I am not much closer to choosing a preschool for my son, but I did take some time to write down a list of pros and cons for each.
Co-op Preschool Pros:
Co-op Preschool Cons:
Traditional Preschool Pros:
Traditional Preschool Cons:
Before I make any decisions I also need to find out the age distribution among the children. The co-op offers a 2/3s class while the traditional preschool only offers a two year old class. I know for certain that more than half of the children in the traditional preschool will turn three before December. I would like to see how the co-op compares. There is a big difference between two year olds and almost three year olds. My son will be almost three when school starts in September.
Co-ops are inherently cheaper, so it’s no surprise that I will save $1200 a year by sending my son to one. Parents assume administrative roles and help teach the class, which means co-ops spend less money on teaching assistants and administrators. The price difference swells to $1500 when my son turns three, but shrinks down to only $650 when he turns four. The number of hours also evens out by that age; fifteen hours a week in the co-op versus sixteen in the traditional preschool.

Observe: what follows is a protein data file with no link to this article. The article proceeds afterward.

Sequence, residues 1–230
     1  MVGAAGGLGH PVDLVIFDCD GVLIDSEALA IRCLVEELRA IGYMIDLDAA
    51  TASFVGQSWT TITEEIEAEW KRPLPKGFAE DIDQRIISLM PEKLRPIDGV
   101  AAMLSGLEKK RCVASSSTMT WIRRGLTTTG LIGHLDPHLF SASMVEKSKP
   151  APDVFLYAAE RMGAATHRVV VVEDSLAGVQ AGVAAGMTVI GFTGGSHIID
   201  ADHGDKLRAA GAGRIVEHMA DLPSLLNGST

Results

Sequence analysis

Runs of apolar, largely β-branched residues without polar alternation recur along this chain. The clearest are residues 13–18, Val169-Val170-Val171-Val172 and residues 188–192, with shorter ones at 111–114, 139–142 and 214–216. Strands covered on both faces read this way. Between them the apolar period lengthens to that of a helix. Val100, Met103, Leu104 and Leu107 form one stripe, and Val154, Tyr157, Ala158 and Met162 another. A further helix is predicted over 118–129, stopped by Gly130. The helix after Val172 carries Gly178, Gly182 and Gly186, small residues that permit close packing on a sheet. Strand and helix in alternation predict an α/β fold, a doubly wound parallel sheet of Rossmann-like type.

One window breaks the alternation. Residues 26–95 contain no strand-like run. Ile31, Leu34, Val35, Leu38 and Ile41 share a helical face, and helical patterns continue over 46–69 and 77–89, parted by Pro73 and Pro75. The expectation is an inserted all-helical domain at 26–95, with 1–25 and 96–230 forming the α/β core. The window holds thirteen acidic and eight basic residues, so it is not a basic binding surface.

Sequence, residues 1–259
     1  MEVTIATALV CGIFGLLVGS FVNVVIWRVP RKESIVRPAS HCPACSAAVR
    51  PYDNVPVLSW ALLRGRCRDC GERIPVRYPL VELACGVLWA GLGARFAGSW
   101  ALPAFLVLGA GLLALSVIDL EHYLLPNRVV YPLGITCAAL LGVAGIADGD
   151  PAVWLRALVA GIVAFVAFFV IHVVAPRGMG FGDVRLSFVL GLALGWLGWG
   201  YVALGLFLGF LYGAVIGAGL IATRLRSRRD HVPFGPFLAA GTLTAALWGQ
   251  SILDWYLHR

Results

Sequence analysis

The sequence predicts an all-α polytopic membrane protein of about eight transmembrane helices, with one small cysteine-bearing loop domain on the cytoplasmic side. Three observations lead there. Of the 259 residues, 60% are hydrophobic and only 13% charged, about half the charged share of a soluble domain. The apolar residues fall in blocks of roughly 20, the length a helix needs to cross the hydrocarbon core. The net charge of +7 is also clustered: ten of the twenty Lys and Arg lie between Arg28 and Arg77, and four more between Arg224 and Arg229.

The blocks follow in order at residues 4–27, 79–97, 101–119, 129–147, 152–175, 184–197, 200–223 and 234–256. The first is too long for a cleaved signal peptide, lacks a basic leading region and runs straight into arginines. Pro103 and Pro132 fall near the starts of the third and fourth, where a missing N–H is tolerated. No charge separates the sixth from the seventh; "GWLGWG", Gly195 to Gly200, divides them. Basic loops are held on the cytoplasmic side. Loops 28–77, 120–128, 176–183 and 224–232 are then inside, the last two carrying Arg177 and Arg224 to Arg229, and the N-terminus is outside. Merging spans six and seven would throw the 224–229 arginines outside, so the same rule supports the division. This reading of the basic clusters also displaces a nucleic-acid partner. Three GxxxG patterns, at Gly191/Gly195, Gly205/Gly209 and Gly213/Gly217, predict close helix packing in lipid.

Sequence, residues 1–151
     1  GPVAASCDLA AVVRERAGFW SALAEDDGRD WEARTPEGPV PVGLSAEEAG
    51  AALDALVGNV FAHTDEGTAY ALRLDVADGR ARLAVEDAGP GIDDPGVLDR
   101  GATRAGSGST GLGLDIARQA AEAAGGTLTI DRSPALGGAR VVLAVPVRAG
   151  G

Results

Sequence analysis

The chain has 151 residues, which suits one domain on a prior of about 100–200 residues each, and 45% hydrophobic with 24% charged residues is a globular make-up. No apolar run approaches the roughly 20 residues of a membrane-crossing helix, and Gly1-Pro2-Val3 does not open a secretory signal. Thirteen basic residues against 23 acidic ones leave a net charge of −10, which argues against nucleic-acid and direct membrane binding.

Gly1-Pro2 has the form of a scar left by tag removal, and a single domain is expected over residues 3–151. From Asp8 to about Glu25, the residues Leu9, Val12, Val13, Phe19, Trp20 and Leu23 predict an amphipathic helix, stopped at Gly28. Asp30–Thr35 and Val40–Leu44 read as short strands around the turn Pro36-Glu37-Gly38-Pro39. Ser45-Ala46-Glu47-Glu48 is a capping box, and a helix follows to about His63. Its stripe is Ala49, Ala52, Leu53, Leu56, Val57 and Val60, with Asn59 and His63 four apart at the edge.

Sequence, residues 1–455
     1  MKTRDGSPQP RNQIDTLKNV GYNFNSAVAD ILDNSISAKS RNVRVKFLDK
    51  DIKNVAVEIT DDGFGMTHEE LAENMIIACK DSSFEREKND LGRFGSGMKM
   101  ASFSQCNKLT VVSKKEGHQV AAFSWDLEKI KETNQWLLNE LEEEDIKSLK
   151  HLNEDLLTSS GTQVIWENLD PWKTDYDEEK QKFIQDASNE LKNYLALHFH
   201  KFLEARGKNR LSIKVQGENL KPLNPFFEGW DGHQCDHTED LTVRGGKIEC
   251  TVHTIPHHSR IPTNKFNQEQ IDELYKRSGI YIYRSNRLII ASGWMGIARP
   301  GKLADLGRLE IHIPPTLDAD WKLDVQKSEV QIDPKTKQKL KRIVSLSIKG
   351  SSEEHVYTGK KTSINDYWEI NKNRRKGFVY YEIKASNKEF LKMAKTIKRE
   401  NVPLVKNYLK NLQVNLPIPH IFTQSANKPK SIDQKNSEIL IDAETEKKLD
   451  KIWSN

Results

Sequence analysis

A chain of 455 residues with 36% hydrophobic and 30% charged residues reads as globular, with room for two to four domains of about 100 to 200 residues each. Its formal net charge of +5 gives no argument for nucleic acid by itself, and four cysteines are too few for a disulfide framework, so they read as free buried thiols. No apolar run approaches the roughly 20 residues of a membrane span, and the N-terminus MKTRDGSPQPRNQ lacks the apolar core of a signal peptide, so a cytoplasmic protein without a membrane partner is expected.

The spreadsheet below shows my line by line comparisons of three schools in our area. Two co-ops highlighted in yellow and blue and one traditional highlighted in orange. The last line in green at the bottom is a highly regarded traditional school in our area that requires children attend five days a week. I would not consider this now, but might consider it by the time he turns four. As you can see the price difference between that school and the other options is nearly double.
Tuition checks are due at the beginning of next month, so I am clearly running out of time to make a decision. I plan to visit the co-op this week so I can witness a class in action and meet my son’s potential teacher. I hope that visit will make my decision easier; one way or another.